In first-party property insurance disputes, among the documents that the insured will likely request from the insurance company is the “underwriting file.”
For property insurance, underwriting is the process by which an insurance company evaluates the risks of insuring property, and decides how much premium it should charge to insure the property, or whether even to accept the risk and insure the property. Risk-adverse insurance companies routinely perform underwriting inspections. An insurance carrier’s underwriting file will likely contain notes, description of the properties, underwriting reports, and estimates of damage which determine if the carrier should continue to insure a property.
Why is this information important for an insured to receive? As an example, when a carrier asserts that damage resulted from wear and tear, deterioration and/or lack of maintenance, evidence that a carrier’s underwriting department took a contrary or inconsistent position would be relevant information for a jury to consider. The underwriting file may contain reports favorable to the insured that do not show pre-existing damage. This type of evidence is pertinent for a jury to consider in judging a carrier’s credibility when it takes a position that damage was not caused by a particular peril.
Courts frequently overrule insurance companies’ objections to producing evidence relating to their underwriting. In Silgan Containers v. National Union Fire Insurance Company of Pittsburgh,1 the court permitted discovery into an insurance company’s underwriting, finding that “[a]lthough the interpretation of an insurance policy is a legal question, an insured is entitled to explore what risks the insurer expects to cover in the policy.” The Silgan Containers court ordered the insurance company to produce its underwriting file “on the issue of the interpretation of the disputed insurance policy terms.”2 “The underwriting file is relevant to determining the risks that National Union expected to cover in the policy, how it interpreted the various policy terms, and whether the terms of the policy are ambiguous in the first instance.”3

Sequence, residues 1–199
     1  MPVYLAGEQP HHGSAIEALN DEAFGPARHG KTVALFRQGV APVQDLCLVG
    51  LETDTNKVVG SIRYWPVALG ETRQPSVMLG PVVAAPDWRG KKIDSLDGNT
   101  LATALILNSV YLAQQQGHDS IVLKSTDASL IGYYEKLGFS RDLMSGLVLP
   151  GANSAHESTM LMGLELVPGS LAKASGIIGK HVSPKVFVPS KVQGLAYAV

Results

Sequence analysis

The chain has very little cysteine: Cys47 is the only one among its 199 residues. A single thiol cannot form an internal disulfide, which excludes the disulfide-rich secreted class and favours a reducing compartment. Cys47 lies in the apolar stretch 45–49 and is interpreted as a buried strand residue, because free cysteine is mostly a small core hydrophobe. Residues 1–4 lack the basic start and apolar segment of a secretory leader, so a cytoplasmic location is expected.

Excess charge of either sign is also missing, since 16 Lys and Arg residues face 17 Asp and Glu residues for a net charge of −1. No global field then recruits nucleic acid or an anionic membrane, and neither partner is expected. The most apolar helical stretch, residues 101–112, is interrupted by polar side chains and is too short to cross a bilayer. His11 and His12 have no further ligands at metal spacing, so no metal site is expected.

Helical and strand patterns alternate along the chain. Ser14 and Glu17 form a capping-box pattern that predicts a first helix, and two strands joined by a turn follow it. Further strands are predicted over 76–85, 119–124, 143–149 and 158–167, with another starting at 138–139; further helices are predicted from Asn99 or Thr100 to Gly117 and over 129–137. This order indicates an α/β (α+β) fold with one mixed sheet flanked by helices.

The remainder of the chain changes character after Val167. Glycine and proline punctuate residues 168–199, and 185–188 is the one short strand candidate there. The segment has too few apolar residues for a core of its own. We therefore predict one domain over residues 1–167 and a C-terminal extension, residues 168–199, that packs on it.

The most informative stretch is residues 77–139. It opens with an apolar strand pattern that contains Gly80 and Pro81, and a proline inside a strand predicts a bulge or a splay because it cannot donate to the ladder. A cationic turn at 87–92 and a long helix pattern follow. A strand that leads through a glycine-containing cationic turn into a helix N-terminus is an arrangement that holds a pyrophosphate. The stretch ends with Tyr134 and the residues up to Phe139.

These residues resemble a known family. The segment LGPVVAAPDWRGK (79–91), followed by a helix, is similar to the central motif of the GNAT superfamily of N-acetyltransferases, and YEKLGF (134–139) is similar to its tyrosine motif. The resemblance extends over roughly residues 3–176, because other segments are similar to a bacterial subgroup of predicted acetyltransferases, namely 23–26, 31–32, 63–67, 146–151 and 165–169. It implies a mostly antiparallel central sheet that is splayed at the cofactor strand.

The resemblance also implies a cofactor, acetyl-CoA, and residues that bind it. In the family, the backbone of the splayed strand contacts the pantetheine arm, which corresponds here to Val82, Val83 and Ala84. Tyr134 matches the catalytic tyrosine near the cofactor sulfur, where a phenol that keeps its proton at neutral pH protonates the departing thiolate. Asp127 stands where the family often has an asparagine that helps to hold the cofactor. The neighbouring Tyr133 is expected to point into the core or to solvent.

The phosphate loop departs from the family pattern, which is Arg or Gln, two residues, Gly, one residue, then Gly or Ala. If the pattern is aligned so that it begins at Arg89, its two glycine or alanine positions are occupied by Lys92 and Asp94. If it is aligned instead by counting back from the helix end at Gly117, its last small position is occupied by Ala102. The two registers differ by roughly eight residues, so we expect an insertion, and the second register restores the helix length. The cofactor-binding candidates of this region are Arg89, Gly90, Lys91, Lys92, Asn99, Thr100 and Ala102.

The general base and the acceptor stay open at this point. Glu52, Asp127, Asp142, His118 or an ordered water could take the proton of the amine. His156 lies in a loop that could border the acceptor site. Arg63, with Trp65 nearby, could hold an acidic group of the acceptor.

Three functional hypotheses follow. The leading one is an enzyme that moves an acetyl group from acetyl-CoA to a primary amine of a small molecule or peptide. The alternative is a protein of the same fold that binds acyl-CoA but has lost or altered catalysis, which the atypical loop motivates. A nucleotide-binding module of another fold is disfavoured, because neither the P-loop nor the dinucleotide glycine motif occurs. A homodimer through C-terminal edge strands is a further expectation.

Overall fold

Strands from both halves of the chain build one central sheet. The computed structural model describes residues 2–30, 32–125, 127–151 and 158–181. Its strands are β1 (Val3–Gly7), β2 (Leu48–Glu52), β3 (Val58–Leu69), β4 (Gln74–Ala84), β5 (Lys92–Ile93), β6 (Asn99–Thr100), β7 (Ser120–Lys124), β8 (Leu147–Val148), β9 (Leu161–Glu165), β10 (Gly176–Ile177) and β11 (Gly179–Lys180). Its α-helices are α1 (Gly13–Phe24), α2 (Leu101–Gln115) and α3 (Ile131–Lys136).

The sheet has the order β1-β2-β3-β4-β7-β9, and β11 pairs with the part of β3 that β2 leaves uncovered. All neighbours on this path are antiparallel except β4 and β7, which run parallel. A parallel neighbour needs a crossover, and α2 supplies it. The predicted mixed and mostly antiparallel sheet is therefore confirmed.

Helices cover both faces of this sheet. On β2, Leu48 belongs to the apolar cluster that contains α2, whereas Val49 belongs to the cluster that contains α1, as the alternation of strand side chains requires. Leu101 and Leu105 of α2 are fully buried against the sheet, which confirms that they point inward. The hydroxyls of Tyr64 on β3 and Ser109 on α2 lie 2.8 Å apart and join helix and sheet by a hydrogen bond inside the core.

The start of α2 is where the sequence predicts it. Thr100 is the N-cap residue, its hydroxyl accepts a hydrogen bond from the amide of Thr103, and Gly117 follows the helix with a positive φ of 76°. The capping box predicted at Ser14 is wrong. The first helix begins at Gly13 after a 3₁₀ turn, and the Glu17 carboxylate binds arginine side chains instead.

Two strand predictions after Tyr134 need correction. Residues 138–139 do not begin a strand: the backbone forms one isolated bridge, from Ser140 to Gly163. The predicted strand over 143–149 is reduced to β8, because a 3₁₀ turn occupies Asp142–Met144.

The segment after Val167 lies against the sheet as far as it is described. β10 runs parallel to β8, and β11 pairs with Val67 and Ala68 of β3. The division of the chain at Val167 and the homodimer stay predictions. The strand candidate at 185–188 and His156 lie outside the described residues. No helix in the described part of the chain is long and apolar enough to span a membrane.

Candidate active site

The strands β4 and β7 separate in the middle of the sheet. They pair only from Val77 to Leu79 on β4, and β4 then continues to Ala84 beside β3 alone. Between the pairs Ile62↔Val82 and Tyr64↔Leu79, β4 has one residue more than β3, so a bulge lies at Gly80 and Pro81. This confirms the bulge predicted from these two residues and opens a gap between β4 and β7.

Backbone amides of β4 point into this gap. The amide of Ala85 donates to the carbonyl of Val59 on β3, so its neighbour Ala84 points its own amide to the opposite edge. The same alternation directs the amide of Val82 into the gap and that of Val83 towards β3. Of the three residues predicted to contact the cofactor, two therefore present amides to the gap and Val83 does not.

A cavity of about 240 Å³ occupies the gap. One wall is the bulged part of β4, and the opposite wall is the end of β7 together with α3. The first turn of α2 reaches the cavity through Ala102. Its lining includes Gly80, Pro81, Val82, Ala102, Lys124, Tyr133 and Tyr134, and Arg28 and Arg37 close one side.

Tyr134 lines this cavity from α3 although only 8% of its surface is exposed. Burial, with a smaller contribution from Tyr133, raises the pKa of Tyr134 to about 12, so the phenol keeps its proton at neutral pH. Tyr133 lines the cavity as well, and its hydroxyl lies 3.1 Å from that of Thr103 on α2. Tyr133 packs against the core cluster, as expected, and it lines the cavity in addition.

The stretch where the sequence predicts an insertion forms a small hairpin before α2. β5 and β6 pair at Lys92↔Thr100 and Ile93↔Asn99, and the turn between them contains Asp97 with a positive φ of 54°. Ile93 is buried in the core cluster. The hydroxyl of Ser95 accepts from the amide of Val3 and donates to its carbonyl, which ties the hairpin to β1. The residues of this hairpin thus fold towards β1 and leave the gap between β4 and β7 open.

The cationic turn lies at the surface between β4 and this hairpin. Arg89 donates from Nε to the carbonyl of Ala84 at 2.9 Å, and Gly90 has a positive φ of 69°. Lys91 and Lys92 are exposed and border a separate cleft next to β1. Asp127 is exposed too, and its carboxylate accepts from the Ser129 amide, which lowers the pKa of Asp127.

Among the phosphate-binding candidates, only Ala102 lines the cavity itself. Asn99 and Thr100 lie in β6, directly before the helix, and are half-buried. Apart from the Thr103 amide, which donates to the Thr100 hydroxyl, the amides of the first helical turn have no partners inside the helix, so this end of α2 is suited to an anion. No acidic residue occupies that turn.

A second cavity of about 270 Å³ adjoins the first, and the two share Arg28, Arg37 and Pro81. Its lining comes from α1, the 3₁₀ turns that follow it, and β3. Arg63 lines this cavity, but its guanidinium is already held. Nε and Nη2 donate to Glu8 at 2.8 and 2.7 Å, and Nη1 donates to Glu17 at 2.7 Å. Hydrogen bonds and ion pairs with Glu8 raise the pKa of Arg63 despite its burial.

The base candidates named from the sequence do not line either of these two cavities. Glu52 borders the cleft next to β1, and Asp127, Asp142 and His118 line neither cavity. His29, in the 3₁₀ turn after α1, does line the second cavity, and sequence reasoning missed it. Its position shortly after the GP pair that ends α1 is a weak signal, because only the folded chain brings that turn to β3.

A carrier’s underwriting file may also be relevant to prove that a carrier knowingly relied on engineering reports that the carrier knew were incorrect. Information in the underwriting file may prove a carrier’s knowledge regarding the condition of the property before a storm and whether any of the carriers’ personnel who made the claims decision before the denial was made, reviewed any underwriting documentation or information. Because underwriting files and their related documents may not have been reviewed before denial of a claim or suit, they may contain damaging documents from the insurer’s perspective.
1 Silgan Containers v. Nat’l Union Fire Ins. Co. of Pittsburgh, No. 09-05971, 2010 WL 5387748 at *4 (N.D. Cal. Dec. 21, 2010).
2 Id. at *7.
3 Id. at *8. See also, Broadway Park, L.L.C. v. Hartford Cas. Ins. Co., Case No. 05-584, 2006 WL 2321410 at *1 (W.D. Okla. Aug. 9, 2006) (denying defendant’s objection to producing underwriting information); and Brecek & Young Advisors, Inc. v. Lloyds of London Syndicate 2003, Case No. 09-2516, 2010 WL 4340457 at *3 (D. Kan. Oct. 27, 2010) (overruling the insurance company’s objection to the relevance of its underwriting files, and finding that they could be relevant in determining the intent of the parties with regards to the insurance policy).